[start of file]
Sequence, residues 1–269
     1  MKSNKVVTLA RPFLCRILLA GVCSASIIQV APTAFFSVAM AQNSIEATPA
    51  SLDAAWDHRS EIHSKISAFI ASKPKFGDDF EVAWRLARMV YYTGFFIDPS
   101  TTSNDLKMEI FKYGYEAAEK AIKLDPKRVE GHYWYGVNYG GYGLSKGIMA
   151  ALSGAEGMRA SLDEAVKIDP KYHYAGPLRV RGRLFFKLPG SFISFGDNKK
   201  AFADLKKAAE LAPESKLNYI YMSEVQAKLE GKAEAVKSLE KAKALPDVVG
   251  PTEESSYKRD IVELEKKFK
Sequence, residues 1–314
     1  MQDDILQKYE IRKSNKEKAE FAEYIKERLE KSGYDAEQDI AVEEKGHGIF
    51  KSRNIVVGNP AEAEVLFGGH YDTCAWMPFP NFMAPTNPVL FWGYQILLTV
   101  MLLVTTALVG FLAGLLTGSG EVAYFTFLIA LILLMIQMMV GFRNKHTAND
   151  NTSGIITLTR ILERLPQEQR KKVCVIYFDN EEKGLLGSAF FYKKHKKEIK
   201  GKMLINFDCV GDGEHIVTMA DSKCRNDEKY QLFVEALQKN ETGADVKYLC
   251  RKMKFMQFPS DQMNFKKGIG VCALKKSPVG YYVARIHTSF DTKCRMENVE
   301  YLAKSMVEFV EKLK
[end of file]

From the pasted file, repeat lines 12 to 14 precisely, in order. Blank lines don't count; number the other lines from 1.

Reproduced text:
   151  NTSGIITLTR ILERLPQEQR KKVCVIYFDN EEKGLLGSAF FYKKHKKEIK
   201  GKMLINFDCV GDGEHIVTMA DSKCRNDEKY QLFVEALQKN ETGADVKYLC
   251  RKMKFMQFPS DQMNFKKGIG VCALKKSPVG YYVARIHTSF DTKCRMENVE